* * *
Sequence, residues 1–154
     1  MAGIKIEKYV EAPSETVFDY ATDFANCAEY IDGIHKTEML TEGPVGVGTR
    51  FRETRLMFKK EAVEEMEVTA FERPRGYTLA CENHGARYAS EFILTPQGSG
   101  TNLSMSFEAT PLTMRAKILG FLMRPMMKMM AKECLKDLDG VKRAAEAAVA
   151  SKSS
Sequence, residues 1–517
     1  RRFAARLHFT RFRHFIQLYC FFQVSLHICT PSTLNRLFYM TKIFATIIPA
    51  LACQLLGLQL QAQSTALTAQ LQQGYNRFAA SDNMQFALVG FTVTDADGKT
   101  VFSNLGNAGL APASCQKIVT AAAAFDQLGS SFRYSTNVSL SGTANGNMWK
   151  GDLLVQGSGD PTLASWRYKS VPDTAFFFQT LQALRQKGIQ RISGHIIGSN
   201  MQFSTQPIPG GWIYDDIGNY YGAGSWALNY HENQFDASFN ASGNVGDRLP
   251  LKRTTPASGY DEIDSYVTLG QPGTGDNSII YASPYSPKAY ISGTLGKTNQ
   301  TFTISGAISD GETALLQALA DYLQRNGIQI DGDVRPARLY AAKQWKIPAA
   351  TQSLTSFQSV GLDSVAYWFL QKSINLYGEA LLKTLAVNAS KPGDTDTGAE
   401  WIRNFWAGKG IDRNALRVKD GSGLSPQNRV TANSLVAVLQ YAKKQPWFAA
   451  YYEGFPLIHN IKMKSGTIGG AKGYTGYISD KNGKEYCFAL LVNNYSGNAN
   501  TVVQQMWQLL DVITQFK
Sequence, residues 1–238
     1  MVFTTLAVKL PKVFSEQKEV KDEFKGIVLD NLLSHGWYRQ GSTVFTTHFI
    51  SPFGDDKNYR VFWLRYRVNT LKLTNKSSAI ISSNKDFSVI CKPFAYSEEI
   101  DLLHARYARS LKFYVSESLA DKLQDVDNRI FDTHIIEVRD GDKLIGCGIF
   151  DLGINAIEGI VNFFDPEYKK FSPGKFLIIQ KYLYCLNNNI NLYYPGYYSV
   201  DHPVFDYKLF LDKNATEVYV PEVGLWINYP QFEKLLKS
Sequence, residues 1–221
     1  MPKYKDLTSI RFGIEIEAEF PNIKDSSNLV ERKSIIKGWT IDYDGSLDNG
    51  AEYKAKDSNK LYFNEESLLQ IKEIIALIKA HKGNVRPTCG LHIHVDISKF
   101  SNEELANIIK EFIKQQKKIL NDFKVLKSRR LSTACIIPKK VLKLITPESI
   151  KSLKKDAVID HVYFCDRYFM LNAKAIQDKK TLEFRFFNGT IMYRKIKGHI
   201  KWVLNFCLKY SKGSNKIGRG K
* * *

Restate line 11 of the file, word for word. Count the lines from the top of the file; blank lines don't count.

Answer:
   201  MQFSTQPIPG GWIYDDIGNY YGAGSWALNY HENQFDASFN ASGNVGDRLP